Mexico's media titans have been slinging mud at one another for
years, but the battle heated up when television companies started
offering digital phone and Internet services, encroaching on Slim's
territory while the terms of his government concession prevent him
from offering TV.
Slim dominates Mexico's phone and Internet markets through America
Movil <AMXL.MX> while Emilio Azcarraga's Televisa <TLVACPO.MX> is
the country's biggest broadcaster. Televisa also offers pay TV and
Internet and phone services.
Televisa's satellite TV business Sky has been facing tough
competition from Dish Mexico, which offers its most basic package at
less than half the price of a similar Sky package.
Televisa and other rivals have complained for years that the
partnership between America Movil's home-phone unit Telmex and
satellite television firm Dish Mexico is improper.
This week, local media published a memo that allegedly details a
deal for Telmex to buy a stake in Dish, and both of Mexico's top
broadcasters, Televisa and TV Azteca <AZTECACPO.MX>, jumped on the
news to demand the regulator renew a 2011 investigation.
Reuters could not immediately confirm the authenticity of the
Telmex, which is now a unit of Slim's America Movil, has notified
investors of the option to buy a stake in Dish since 2009, according
to regulatory filings.
"This has all been very transparent. There is no problem with this
partnership," said Slim's spokesman, Arturo Elias.
Telmex and Dish have had a deal to print a single bill for shared
services, but Televisa alleges the document published by several
media this week suggest a more comprehensive deal.
"The scope of the operation was a lie," Televisa spokesman Javier
Tejado said on Friday, referring to the documents that called the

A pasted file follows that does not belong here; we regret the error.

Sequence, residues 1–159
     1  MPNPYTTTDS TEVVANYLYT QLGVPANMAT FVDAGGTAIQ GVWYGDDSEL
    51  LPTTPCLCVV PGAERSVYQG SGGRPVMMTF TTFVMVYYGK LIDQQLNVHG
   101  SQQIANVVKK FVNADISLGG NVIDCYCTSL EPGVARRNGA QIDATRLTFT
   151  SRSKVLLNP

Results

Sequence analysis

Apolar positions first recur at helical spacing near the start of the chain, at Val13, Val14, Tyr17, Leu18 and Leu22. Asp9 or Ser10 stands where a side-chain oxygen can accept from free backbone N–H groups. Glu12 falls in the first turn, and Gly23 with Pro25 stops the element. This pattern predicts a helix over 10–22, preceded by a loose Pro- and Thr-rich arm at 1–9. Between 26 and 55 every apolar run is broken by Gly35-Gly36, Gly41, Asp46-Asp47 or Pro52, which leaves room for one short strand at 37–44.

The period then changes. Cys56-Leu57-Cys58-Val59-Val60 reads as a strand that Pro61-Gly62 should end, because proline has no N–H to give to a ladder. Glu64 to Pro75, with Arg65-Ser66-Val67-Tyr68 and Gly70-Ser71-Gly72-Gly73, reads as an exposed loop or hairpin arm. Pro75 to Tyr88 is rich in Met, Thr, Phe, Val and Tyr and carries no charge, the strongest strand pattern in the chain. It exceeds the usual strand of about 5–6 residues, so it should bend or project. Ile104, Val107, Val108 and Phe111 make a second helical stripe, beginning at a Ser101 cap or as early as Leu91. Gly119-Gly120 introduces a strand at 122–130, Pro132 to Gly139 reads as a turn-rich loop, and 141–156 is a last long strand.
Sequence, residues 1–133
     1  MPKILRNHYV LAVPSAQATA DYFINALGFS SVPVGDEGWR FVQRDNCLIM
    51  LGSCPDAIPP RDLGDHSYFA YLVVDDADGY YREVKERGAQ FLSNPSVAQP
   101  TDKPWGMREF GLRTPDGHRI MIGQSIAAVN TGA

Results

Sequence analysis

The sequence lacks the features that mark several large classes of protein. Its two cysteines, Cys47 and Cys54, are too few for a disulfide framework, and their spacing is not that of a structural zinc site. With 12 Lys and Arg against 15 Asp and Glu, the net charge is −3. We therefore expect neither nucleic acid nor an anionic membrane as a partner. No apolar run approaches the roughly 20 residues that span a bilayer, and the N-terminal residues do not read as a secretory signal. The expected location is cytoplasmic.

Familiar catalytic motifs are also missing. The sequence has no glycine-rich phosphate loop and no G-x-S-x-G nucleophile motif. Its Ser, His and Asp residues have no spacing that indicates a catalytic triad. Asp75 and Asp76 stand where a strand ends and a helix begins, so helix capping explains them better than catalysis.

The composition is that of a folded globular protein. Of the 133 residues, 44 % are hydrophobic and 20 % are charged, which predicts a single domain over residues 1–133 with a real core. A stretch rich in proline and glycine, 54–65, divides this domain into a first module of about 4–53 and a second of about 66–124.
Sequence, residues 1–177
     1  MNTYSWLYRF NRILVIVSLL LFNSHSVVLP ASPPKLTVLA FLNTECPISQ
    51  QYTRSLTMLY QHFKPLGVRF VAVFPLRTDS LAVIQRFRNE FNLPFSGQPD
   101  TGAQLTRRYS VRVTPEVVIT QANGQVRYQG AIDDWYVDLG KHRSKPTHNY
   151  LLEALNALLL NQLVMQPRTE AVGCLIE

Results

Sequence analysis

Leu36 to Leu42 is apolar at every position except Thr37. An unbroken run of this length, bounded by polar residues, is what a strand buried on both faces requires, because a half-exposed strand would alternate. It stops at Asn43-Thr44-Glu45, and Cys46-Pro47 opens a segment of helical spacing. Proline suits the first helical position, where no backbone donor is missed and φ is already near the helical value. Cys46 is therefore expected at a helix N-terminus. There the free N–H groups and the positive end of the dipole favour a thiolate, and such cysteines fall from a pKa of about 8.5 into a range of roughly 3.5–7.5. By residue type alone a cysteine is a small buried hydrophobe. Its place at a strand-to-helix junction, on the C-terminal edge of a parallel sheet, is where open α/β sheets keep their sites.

option agreement "Project Alpha".
"The first thing I ask, if this is all as transparent as Telmex
says, why do they hide behind a secret name like 'Project Alpha?'"
Dish Mexico, a company backed by Mexico-based MVS Comunicaciones and
Colorado-based EchoStar Corp <SATS.O>, has drawn millions of
In 2011, Reuters reported that Mexico's competition watchdog had
opened a probe to determine whether the tie-up between Telmex and
Dish was an illegal, backdoor entry to the television market.
The probe has been handed over to the Federal Institute for
Telecommunications (IFT), a new regulator established by last year's
constitutional reform aimed at increasing competition in Mexico's
television and phone markets.
Lawyers said that if Slim has not exercised his option for Dish, he
is not flouting the terms of his concession agreement.
"Still, all the legal ingredients are there for this deal to be put
into effect," said Jose Luis Benavides, a telecom expert and lawyer.
"And the deal, which isn't finished, has all the ingredients for
distorting the telecommunications and broadcast market in this
[to top of second column]
America Movil says Telmex offers billing services to many companies,
but Grupo Salinas, the parent company behind broadcaster TV Azteca
and pay-television, phone and internet service Totalplay, disputes
"We have requested billing and collecting services from Telmex since
May of last year for Totalplay and certainly feel discriminated
against," said Eduardo Ruiz Vega, director of regulatory compliance
for telecommunications. "Along with the distributed memo that ...
surely begs further regulatory scrutiny."
The IFT is expected in March to declare Telmex, America Movil and
Televisa dominant players in their markets, subjecting them to
tougher regulations and specific obligations.
Televisa and TV Azteca have been waging a separate legal battle
against Dish Mexico for transmitting their free-to-air channels on
its satellite system.
New rules known as 'must offer, must carry' oblige pay television
services to offer free-to-air channels. But the broadcasters have
said that since the government has not yet agreed on the details
behind these rules, they should not yet be forced to hand over their
content for free.
This is just the latest round in an acrimonious and often litigious
battle between the businessmen and their companies.
Although Slim used to be a large shareholder in Televisa and close
with Azcarraga's father, in recent years they have fallen out over
issues including TV advertising and wholesale phone charges.
Several years ago, Slim pulled millions of dollars of advertising
from Televisa after Azcarraga's company raised rates 20 percent.
The companies in 2011 took out front-page newspaper ads criticizing
each other, and a group called "All the Mexicans" disparaged Slim's
core phone business in a newspaper advert called "The Slimsons,"
drawn in the style of the U.S. cartoon sitcom "The Simpsons."
(With reporting by Ana Isabel Martinez and Simon
Gardner; editing by Jonathan Oatis)
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